Wolfman's story focused more on Clea's infatuation with Ben Franklin. Also, he reintroduced the now-one-with-the-universe Ancient One. Obviously, I was mistaken in my impression that once he was dead he was gone for good. It's something like when Obi Kenobi was killed in Star Wars, yet still made cameo appearances in the next two films. In this case, the ancient One demotes Dr. strange from "Sorceror Supreme" to "Master of the Mystic Arts" because reasons. Is this also when Doc lost his immortality? Perhaps. (It's kind of a Mopee.) Ahead...

#20 - Marv Wolfman / Rudy Nebres

Annual #1 - P. Craig Russell

#21 - (reprint)

#22 - Marv Wolfman / Rudy Nebres

#20: This is really the "first" Wolfman issue as #19 was spent tying up Englehart's plot threads. Wolfman continues the threat of Xander, actually introduced in #19. An amnesiac Clea runs afoul of the law. the story continues in the first annual.

ANNUAL #1: Marv Wolfman is credited with co-plot and script despite this obviously being a P. Craig Russell story. A few pages at the beginning which serve as a bridge from #20 obviously account for the "co-plot" credit. Art-wise, it is the most distinctive since Barry Smith... perhaps since Ditko himself. the story takes place on "Phasewolrd" and involves the sisters Lectra and Phaydra. If "no one can draw other dimensions like Ditko," no one can draw them like P. Craig Russell, either.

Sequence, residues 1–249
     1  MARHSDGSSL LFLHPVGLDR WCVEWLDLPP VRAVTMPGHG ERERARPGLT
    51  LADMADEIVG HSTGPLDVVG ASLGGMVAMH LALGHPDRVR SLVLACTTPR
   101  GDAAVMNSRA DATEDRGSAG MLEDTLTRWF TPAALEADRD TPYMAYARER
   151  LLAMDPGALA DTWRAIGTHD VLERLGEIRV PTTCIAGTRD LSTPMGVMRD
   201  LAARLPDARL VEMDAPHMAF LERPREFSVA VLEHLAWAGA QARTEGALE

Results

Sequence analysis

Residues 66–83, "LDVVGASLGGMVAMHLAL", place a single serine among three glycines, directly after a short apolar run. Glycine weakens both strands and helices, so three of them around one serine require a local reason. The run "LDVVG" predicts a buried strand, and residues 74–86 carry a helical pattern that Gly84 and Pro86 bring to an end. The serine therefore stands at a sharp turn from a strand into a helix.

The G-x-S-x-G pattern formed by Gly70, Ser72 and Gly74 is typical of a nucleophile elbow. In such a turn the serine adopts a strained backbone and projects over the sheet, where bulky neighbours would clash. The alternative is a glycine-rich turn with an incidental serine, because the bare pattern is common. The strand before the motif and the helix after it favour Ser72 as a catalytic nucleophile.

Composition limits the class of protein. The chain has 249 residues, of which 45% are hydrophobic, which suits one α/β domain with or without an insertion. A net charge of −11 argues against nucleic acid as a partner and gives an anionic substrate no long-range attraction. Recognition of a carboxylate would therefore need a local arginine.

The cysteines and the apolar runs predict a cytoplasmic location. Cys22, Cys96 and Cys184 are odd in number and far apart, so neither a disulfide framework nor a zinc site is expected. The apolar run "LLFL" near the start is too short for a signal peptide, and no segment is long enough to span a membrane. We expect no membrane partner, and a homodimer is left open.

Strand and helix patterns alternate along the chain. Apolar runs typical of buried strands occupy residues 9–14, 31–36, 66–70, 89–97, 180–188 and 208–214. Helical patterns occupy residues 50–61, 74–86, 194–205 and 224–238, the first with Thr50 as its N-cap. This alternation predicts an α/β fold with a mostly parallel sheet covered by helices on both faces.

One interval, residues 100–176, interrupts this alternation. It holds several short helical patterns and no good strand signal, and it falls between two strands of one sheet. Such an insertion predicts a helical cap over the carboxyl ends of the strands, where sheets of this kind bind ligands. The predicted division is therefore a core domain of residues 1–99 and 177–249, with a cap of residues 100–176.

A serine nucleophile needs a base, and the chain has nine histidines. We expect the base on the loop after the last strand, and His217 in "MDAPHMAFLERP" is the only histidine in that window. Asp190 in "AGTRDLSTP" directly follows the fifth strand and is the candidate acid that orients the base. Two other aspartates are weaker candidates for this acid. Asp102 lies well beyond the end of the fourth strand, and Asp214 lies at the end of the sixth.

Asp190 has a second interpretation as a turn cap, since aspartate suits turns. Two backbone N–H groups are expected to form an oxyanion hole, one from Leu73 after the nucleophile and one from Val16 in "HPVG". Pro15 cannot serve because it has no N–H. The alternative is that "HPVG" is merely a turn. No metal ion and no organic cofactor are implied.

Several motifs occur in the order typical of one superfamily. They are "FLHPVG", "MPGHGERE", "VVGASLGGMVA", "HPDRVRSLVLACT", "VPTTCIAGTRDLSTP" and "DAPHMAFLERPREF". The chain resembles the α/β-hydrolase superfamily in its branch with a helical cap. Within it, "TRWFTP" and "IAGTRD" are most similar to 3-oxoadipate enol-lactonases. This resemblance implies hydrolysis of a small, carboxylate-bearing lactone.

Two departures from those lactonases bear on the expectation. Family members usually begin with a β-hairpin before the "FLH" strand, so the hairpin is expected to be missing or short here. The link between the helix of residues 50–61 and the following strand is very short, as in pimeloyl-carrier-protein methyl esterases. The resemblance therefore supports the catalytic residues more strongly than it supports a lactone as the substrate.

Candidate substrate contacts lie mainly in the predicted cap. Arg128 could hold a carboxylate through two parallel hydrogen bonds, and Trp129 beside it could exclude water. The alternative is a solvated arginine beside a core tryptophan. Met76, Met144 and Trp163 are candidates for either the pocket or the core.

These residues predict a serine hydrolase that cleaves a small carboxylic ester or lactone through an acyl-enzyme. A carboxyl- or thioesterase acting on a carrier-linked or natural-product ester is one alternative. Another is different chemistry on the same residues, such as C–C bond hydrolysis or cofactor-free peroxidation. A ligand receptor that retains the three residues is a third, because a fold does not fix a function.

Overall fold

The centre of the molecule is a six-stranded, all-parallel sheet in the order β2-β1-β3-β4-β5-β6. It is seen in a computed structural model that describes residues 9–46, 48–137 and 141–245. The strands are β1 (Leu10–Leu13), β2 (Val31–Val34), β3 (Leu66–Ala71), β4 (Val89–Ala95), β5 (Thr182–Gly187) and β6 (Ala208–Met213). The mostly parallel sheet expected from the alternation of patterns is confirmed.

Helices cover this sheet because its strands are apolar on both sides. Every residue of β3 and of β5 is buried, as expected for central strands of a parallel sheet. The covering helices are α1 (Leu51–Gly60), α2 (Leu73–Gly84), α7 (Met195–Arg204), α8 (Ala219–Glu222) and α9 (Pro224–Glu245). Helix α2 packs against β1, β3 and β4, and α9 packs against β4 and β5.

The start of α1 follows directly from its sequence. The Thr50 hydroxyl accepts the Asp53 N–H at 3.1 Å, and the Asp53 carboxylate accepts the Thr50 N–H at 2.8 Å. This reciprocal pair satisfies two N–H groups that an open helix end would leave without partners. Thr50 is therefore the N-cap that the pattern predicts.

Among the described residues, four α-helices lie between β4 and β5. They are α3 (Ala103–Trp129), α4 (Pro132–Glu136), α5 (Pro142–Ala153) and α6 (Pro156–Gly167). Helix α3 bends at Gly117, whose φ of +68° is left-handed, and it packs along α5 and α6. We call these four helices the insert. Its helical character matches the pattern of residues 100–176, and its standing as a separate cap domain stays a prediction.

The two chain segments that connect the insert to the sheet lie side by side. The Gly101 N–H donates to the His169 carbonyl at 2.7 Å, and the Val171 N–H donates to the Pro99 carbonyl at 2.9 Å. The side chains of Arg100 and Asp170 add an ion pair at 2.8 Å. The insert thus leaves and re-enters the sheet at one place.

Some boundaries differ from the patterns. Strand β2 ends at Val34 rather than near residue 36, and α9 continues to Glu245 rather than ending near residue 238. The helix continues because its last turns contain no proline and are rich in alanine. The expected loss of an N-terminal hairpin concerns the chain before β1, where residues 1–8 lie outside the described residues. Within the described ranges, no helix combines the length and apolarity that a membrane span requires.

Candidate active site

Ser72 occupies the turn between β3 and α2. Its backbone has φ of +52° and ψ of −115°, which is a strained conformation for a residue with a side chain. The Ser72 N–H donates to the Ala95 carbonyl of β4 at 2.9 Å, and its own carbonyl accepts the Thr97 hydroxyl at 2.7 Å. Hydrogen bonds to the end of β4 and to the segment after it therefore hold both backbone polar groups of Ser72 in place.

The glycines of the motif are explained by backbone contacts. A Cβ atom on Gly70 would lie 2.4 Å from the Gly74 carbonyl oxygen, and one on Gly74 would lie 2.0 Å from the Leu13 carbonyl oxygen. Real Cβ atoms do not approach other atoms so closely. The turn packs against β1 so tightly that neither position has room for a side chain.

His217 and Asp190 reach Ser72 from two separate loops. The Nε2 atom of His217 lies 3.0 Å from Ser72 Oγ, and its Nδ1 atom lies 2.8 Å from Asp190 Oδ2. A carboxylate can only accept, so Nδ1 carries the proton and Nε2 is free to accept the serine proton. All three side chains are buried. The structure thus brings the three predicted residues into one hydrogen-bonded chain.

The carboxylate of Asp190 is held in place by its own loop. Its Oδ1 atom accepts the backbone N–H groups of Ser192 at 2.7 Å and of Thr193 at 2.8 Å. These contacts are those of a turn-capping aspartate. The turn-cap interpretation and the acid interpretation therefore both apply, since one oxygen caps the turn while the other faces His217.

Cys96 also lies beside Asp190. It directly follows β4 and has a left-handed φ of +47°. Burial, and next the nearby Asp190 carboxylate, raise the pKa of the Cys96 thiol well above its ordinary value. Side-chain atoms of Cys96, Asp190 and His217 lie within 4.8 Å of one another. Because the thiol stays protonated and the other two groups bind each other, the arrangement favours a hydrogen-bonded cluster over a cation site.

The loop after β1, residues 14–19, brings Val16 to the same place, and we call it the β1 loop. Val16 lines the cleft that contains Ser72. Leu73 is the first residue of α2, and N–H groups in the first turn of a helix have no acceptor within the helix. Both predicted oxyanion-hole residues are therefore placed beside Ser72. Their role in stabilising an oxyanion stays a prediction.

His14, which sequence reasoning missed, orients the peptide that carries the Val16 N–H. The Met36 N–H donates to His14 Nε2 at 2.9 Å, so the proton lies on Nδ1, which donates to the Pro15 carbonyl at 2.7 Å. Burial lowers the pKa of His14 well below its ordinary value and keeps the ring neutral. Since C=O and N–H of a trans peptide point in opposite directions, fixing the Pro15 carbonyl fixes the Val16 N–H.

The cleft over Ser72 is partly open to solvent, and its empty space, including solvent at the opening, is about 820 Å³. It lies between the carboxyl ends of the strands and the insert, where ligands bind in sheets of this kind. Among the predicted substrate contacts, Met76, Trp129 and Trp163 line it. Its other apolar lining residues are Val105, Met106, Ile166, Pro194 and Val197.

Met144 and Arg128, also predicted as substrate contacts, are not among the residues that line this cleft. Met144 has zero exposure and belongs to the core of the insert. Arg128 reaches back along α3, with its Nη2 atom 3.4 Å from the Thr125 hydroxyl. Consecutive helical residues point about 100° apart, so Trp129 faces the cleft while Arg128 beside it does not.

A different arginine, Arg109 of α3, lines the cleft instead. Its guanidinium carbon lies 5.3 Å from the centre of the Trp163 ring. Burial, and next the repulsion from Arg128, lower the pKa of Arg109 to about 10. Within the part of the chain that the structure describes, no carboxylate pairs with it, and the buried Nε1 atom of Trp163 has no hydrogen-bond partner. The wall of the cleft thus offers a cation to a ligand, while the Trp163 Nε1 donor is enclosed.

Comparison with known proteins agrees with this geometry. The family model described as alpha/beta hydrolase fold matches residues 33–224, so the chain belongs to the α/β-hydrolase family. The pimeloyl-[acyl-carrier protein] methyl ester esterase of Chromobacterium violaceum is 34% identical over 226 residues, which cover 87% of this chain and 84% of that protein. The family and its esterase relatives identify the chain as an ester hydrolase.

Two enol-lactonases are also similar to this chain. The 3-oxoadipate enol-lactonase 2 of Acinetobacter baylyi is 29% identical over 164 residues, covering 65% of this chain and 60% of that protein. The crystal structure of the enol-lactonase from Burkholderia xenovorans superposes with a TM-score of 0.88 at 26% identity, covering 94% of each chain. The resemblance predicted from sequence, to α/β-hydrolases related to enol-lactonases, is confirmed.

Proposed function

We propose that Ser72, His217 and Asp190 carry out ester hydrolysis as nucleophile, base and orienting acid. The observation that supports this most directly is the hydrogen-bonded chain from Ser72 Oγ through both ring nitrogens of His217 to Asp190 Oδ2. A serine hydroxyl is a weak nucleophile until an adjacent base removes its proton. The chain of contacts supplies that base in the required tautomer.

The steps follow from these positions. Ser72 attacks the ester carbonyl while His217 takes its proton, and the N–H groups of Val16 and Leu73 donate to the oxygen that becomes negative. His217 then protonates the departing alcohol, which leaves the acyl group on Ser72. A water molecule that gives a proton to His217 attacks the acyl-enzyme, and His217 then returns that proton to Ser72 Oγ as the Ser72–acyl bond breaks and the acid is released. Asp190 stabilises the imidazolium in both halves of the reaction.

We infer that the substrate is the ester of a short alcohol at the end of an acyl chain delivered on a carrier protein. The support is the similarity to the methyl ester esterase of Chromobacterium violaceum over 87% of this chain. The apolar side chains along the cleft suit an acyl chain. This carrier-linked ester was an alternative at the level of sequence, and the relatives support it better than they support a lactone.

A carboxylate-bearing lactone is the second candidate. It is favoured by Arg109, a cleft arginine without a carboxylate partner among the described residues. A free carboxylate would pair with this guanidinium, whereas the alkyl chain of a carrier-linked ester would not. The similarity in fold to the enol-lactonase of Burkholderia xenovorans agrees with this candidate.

#21-22: The cover of #22 illustrates what will be the contents of #23 but is, as I mentioned above, a reprint. #23 reunites Doc with Clea and resolves that sub-plot, plus foreshadows Apalla, Queen of the Sun. Thus, although Marv Wolfman will write one additional issue, the brief, transitional run of Wolfman and Nebres, as well as MMW v6, comes to an end. 

MMW v7 (#23-37): As I indicated in the initial post to this thread, when I abandoned actively collecting/accumulating backissues, I was left with several holes in my Doctor Strange collection. Consequently, I am reading many of the issues in this volume for the first time, but I am discovering that many of the issues in this collection I wouldn't have cared for all that much had I acquired them years ago. I have concluded that I have an innate sense of what I will like. 

this volume is largely (but by no means entirely) representative of the work of writer Roger Stern and artist Tom Sutton, but it also includes the work of a half-dozen editors, five writers and over a dozen (!) artists. for example, Jim Starlin illustrated one (written by Marv Wolfman), wrote two (illustrated by Al Milgrom) and wrote and illustrated another. I'm a big Starlin fan but I've never read these before, nor do I feel I've missed out on anything. I'm going to have to give up my phrase "Only the Ancient One dies forever!" (a replacement for "Only Bucky dies forever!") because he "returns" here for a three-issue run.